• kanzensakura
          Feb 18, 2015 @ 12:52:04

          PS I think Clowie has moved from WP to another blogging platform, but I still get her posts via email. If you get a chance, check her out or on FB. She is a sweetie and has quite a few adventures, especially with her “bi-peds” and cats.


  11. Björn Rudberg (brudberg)
    Mar 03, 2015 @ 07:37:47

    Hello Kanzen.. could you please send men an email on brudberg@gmail.com


  12. Hannah Gosselin
    Mar 05, 2015 @ 14:41:45

    So glad to have crossed poetic paths with you! Your authenticity shines! ♥


  13. dani
    Mar 10, 2015 @ 08:31:30

    i am so pleased to meet you, Kanzen! thank you for all of your kind words on my blog ~ we do have much in common from the mixture of what we write to our love of cooking and, as you say, being a bit twisted and eccentric (though i am sometimes downright strange.) {smile}

    please forgive me if my visits are brief or infrequent as my online time is limited, but i promise you i will be back as often as i can.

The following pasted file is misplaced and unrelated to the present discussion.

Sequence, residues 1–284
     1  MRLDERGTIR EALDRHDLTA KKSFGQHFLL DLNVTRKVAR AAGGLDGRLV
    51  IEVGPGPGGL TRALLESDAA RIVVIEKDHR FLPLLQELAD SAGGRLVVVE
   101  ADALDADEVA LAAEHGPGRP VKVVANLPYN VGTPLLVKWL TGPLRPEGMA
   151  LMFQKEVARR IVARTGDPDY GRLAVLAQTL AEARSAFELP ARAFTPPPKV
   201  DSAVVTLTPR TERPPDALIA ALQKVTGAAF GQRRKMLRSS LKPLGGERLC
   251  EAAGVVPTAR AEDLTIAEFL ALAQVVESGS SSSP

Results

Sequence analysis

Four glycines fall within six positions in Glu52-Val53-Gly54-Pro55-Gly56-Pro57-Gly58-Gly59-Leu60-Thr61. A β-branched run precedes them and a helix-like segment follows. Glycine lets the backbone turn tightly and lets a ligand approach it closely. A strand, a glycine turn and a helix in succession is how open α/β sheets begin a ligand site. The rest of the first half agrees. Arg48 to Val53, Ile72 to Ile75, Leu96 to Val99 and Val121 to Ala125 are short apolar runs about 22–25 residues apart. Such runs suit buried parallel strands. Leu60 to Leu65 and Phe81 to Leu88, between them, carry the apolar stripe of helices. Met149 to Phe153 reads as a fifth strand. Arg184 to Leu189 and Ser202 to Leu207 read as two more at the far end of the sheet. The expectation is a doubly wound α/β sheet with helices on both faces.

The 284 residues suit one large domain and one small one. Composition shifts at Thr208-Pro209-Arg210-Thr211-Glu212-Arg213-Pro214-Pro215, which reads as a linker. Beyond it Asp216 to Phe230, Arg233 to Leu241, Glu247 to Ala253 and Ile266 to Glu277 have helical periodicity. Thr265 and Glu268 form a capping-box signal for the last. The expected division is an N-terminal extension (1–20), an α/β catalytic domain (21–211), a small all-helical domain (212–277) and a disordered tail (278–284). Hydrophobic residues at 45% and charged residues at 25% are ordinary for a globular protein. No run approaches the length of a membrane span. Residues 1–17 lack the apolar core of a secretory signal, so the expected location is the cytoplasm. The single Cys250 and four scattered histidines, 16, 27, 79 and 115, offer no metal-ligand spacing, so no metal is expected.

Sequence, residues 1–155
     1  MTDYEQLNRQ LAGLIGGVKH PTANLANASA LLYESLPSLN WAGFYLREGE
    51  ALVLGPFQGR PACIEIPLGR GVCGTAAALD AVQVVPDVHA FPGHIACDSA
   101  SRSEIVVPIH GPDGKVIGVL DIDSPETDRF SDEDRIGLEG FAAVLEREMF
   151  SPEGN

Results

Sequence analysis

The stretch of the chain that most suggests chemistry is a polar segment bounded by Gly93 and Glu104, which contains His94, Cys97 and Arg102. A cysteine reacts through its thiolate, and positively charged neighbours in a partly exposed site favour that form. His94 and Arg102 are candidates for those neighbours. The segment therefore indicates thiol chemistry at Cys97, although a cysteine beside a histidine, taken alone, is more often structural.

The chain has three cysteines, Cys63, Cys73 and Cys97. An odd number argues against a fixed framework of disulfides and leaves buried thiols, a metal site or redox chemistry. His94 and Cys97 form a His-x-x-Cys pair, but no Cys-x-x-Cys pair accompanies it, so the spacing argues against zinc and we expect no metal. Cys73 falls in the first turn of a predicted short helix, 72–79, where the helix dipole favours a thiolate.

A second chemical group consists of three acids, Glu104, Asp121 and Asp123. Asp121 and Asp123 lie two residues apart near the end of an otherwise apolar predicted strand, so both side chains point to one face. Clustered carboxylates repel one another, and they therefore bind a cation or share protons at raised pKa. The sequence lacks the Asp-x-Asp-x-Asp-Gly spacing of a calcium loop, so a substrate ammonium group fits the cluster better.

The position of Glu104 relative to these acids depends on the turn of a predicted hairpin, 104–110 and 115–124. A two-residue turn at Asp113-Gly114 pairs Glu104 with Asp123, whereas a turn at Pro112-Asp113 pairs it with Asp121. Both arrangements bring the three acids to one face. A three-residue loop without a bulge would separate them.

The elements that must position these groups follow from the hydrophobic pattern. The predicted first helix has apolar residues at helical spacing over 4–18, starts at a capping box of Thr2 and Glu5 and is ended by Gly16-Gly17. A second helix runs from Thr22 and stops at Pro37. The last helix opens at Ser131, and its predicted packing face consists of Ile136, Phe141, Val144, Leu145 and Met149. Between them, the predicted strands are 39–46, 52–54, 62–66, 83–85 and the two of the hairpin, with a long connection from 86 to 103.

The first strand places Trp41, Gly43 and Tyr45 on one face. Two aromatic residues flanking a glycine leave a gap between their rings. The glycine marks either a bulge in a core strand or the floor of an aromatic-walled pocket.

• dani
      Mar 10, 2015 @ 08:33:47

      oh, and i’m a big fan of science fiction (particularly books), Star Wars, Star Trek, Harry Potter (the books, not so much the movies) and all things hobbit.


  14. Lerene Forte
    Mar 19, 2015 @ 01:02:49

    Addams Family with a drawl–Hilarious!! We do have some things in common–love of cooking, haiku and other poetry, and I have some southern roots too (though they may be more Faulknerian). Nice to meet y’all.


  15. dilipnaidu
    Mar 23, 2015 @ 11:11:16

    Very interesting introduction. It is good to visit and understand different country cultures as it opens our mind and we learn to accept different perspectives. Wish you all the best.


    • kanzensakura
      Mar 23, 2015 @ 11:21:58

      Thank you for your kind comment. I always like learning about different cultures and countries myself. We Southerners are naturally curious about our neighbors, no where they are! Thank you for visiting. I hope you will visit often and always feel welcomed.


  16. Éilis Niamh
    May 10, 2015 @ 18:36:03

    I nominated you for a freestyle writing blog challenge. It’s fun, and maybe, unlike me, yours will be super interesting too! https://thesoundofwhathappens.wordpress.com/2015/05/10/free-style-writing-challenge/


  17. Victoria C. Slotto
    Jun 05, 2015 @ 14:05:55

    I don’t (can’t) follow many blogs because of time constraints, but have added yours. I have a great appreciation of fiction writers from the South and just listened to a lecture on Japanese poetry and was really a draw. It was rather weird because it resonated so much it had me thinking that perhaps I was Japanese in a previous life…though I’m not sure about reincarnation. Ha!


    • kanzensakura
      Jun 06, 2015 @ 21:36:38